Two Droughts and the Cost of 1 Degree of Global Warming

In August, scientists at Columbia University released a study that identified the contribution that global warming made to the severity of the California drought between 2012 and 2014. Their finding - that global warming increased the drought's severity by 8 - 27% - deepens our understanding of just how damaging and costly even small amounts of global temperature increase can be. This year alone, the California drought has cost the State 2.7 billion dollars, and led to the loss of 21,000 jobs. Beyond that, it has caused tremendous hardship and personal strain for thousands of people, particularly in the agriculture sector.

It surprised me to see just how strongly global warming is already playing it's hand because until now I've tended to think about climate change in terms of large scale, future impacts. But my gaze has suddenly been brought to the very present, and the fact that a small amount of warming is already carrying massive costs.

Earlier this year we crossed a milestone of sorts that nobody celebrated and few people recognised: we clocked up more than 1 degree of warming since the mid 1800s. That puts us halfway at least toward the two degree warming limit countries have committed to through the United Nations Framework Convention on Climate Change. But keeping within the two degrees limit is unlikely at this point, and according to current policies in place the world is on a path to between 3.6 to 4.2°C warming by 2100. Even 2 degrees will bring significant costs to pay, and the burden all too often will fall on those that have done the very least to cause this problem.

That burden is currently unfolding across the Pacific Ocean, as Papua New Guinea plunges deeper into a severe drought. Over 2 million people are facing severe food and water shortages, schools have closed due to water shortages, and according to the Post Courier in Papua New Guinea, many people are being urged to cut back to just one meal a day (see photo). Just have a look at these photos to get a sense of how desperate the situation is turning.

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While the drought is being fuelled by a growing El Niño and has been coupled with harsh frosts, global warming is playing its hand in making this drought more severe. No one has yet calculated exactly what percentage of severity global warming is adding right now in Papua New Guinea, but we know for sure that it is playing its hand forcefully. There's a number of ways that global warming affects droughts, but at its most basic, as Park Williams at Columbia University explains:

Each year, the heat squeezes more moisture from soils and ecosystems. This is because, as the atmosphere warms, its demand for moisture rises. Just as a puddle evaporates more quickly on a warm day, soils dry out more quickly during warmer years, which are becoming increasingly frequent in most locations globally.

The future for Papua New Guinea is unlikely to get any easier either, where according to the Asian Development Bank, climate change is forecast to wipe 4% of PNG's GDP every year by 2050, growing rapidly to 16% of GDP by 2100 - and that's under a moderate warming scenario. That's a harsh future to face for a country that ranks 171st for greenhouse gasses per capita, and has done so very little to cause this damage.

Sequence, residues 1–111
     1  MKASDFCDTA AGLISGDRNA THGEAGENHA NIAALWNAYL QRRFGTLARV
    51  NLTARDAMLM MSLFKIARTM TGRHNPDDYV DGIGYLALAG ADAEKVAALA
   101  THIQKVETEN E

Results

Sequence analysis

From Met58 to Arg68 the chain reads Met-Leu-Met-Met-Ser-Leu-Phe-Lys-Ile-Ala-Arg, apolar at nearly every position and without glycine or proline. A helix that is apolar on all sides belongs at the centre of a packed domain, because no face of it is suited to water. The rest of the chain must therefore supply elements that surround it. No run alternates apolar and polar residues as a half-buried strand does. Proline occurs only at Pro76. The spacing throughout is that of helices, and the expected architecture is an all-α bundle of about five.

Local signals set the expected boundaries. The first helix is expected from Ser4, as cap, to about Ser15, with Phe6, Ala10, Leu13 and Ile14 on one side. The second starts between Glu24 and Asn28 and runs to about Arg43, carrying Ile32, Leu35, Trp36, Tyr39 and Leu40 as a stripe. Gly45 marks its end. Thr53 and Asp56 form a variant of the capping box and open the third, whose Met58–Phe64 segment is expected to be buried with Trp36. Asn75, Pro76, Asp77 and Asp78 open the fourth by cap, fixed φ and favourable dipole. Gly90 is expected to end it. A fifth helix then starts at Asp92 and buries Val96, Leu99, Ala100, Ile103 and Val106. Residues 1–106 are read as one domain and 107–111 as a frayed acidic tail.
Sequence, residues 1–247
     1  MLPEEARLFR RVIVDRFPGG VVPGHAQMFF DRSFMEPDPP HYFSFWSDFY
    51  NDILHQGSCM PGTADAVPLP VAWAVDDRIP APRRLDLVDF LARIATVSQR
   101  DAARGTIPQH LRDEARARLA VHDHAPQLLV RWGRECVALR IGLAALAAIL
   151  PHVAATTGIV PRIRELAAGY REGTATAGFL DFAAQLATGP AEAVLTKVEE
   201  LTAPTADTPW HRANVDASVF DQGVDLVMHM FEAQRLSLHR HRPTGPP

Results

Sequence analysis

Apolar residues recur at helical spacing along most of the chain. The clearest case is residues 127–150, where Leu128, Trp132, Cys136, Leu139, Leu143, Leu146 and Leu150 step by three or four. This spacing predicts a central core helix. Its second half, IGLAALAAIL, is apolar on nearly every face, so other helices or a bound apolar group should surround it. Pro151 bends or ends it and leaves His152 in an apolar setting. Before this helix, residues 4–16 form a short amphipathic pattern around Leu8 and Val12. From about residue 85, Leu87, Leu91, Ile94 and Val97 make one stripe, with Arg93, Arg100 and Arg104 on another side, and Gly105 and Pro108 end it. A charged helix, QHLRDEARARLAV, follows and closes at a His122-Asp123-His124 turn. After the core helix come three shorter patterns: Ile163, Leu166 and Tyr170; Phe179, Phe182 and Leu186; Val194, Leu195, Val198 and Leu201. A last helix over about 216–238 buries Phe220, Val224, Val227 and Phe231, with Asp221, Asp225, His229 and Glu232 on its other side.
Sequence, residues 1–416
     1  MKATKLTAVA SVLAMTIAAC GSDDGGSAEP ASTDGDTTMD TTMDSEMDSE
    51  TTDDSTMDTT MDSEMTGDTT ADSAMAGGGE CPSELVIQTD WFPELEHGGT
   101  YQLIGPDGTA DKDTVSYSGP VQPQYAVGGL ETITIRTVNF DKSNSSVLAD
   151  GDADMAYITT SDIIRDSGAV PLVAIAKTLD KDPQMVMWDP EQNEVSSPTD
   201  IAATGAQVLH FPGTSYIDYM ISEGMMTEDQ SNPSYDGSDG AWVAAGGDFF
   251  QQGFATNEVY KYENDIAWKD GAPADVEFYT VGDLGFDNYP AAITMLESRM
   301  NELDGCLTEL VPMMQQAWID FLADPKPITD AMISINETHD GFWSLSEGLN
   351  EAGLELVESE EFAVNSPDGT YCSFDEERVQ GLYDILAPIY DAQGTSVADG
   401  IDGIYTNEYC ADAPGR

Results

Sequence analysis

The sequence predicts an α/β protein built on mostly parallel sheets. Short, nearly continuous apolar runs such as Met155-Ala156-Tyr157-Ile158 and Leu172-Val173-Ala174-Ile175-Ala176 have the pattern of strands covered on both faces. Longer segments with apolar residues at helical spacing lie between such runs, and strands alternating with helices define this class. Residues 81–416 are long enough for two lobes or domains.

It's imperative that the global community responds rapidly and in partnership with the Government in Papua New Guinea to minimise the impact of the drought, and there's important lessons that have been learnt from the devastating drought of 1997. And more widely, as the severity and scale of extreme weather events ratchets up in coming years we are going to have to find new ways of scaling up the global response to climate damage. One thing is clear is that there are companies to be held accountable. The Carbon Majors report establishes that "63 percent of carbon emissions in the atmosphere have come from the coal, oil, and gas extracted and cement manufactured by only 90 entities - the "Carbon Majors", which include Chevron, ExxonMobil, Saudi Aramco, BP, Gazprom, and Shell."

The authors of that report, the Climate Justice Programme, are proposing a levy at the point of all fossil fuel extraction, as a means to gather the billions of dollars needed to compensate for the climate damage being experienced by vulnerable nations. Stephen Leonard of the Climate Justice Programme explains how the levy would work:

Instead of being passed onto consumers, the costs associated with the levy should be absorbed by the dirty energy giants that have long made extraordinary profits. The money raised should be held in an international fund specifically for the provision of financial support--for responding to an extreme weather event that has caused extensive destruction, for example, or assisting with the relocation of a coastal community subjected to rising seas. Even a minimal levy, of around $5 per ton of extracted carbon, could generate more than $50 billion per year to assist hard-hit developing countries.

As our emerging experiences of living with 1 degree of warming demonstrate, finding new sources of relief and support for resilience building is critical. Hand in hand with redress, the experiences should be a rallying call for people to join the global movement that is perhaps at last building critical momentum. It is at least the best way to remain hopeful in the face of such disruption.